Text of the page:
Hi everyone! Starting with today’s blog post, I’m introducing an audiocast of this blog in English. I will read each post in English, and you can follow along in the text below. Perhaps this will be a fun way for you to practice your English with me. A big thank-you to journalist Nina Xiang for her help in getting this audiocast started.
It was 2008, and Dave and I were on our honeymoon, in Venice at the Peggy Guggenheim Collection, the beautiful museum in the Grand Canal palazzo where the American heiress Peggy Guggenheim lived and entertained the 20th century artists whom she befriended and supported.
After a couple hours viewing the collections indoors, I wandered into the garden where I came upon a small, live olive tree. Its branches were covered with fluttering slips of paper. Upon closer inspection, I found that it was a participatory-art piece inviting visitors to post a wish. Some wishes were lofty, such as: “I wish for an end to poverty and tyranny.” Others were mundane: “I wish to get laid.”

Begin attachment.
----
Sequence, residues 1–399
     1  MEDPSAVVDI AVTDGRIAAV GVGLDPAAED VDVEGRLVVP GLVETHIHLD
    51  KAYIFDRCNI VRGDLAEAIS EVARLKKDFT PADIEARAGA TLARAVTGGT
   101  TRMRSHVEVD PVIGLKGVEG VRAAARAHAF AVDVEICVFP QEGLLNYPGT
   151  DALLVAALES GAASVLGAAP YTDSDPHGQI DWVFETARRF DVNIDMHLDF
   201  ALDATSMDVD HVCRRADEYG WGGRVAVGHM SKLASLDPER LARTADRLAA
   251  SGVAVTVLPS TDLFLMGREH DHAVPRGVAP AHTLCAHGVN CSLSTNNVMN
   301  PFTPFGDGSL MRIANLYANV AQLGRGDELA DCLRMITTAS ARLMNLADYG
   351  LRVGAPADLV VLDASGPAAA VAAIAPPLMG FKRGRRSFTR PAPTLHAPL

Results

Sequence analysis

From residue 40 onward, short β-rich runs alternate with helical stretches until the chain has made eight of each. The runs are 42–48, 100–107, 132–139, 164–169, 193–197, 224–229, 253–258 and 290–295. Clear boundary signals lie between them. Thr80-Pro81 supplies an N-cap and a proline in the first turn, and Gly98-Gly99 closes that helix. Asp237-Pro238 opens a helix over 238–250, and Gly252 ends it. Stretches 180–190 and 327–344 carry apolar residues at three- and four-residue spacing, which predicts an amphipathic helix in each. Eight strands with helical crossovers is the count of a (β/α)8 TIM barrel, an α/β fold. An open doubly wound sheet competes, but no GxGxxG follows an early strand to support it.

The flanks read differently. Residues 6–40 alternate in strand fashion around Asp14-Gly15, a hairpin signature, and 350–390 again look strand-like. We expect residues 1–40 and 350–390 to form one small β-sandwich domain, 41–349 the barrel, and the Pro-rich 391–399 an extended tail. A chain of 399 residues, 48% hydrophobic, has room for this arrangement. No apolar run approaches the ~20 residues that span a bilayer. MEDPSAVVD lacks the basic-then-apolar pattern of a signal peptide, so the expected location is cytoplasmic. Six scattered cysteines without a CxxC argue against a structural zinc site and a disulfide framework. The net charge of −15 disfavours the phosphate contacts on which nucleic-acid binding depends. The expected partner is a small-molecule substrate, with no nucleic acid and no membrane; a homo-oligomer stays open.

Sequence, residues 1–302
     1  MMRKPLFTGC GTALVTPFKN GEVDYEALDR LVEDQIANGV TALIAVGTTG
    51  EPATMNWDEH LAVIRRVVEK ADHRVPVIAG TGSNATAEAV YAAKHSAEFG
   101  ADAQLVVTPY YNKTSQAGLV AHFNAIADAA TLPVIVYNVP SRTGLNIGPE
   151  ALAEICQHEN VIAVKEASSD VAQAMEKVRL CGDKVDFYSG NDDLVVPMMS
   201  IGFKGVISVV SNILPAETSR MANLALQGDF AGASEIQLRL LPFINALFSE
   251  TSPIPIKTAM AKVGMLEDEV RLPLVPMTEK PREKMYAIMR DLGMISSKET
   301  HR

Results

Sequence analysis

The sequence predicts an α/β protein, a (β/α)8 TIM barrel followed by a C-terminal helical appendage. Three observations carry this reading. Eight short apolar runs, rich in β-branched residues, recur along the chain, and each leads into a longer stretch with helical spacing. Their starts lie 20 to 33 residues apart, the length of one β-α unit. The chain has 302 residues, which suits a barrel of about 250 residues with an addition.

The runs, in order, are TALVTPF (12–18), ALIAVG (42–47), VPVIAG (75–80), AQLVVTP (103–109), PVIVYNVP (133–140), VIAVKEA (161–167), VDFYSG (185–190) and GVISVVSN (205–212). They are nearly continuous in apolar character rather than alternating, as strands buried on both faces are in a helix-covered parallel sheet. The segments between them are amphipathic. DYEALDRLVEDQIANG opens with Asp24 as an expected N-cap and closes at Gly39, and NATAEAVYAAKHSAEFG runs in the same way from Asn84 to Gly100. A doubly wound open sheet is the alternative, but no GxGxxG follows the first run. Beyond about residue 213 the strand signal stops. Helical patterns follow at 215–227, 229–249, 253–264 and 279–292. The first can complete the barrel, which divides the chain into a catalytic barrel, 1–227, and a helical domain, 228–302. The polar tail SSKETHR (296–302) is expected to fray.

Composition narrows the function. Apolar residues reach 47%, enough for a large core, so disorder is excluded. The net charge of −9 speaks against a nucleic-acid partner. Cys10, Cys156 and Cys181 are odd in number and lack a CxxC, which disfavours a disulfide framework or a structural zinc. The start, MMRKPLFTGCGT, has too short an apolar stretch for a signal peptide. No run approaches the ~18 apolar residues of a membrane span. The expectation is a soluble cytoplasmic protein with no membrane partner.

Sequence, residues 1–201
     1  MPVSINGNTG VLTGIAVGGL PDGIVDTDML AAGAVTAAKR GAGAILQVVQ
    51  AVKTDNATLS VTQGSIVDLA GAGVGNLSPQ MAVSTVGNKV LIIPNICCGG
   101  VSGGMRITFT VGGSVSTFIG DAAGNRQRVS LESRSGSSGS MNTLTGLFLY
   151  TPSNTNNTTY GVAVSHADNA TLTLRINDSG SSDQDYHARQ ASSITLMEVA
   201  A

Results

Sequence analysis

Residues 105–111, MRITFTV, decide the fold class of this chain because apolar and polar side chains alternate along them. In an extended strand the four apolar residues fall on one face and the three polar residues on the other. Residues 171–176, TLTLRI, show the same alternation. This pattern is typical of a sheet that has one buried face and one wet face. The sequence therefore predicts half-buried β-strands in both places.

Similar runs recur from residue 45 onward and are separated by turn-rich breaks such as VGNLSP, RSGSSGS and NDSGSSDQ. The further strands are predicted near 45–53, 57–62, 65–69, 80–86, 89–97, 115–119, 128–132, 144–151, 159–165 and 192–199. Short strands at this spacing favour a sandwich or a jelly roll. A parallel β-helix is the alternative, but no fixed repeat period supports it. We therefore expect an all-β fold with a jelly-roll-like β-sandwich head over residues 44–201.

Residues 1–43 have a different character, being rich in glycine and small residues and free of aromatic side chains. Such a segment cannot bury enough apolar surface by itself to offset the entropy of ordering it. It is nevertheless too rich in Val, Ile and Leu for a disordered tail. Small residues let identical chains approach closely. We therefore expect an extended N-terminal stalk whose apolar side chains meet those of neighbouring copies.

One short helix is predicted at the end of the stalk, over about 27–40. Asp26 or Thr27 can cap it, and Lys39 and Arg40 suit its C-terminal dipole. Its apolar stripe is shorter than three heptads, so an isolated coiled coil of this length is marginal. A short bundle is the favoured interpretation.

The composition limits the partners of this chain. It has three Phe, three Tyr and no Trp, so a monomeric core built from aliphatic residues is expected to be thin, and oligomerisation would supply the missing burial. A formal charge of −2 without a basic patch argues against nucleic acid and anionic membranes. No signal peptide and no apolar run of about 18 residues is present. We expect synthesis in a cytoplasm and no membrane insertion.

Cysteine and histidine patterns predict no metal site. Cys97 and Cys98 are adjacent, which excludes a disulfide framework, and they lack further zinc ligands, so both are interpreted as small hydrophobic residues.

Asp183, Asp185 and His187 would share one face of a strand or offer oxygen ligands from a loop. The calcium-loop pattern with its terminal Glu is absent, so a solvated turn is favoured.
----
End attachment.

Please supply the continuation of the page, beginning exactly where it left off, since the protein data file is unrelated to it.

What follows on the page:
After browsing some of the wishes that others had left, I turned to the small plaque beside the tree: “Wish Tree Venice. 2003. To Peggy with Love.Yoko Ono.”
Yoko Ono. Throughout my life, Yoko Ono has been the world’s most famous Asian woman. I knew of her as the conceptual artist best known, and carelessly vilified, as the woman who broke up the Beatles.
John and Yoko: One of the great love stories of our time
It was 1966, and John Lennon had been invited to the Indica Gallery in Central London for the private preview of a one-woman show. As he later told Playboy magazine, the purpose of his visit was not entirely for artistic interest. He’d been enticed by the gallery’s co-owner, who’d told him about a performance that would be taking place involving the artist, a Japanese woman from New York, in a black bag. That sounded to him like something to do with sex, and so he went.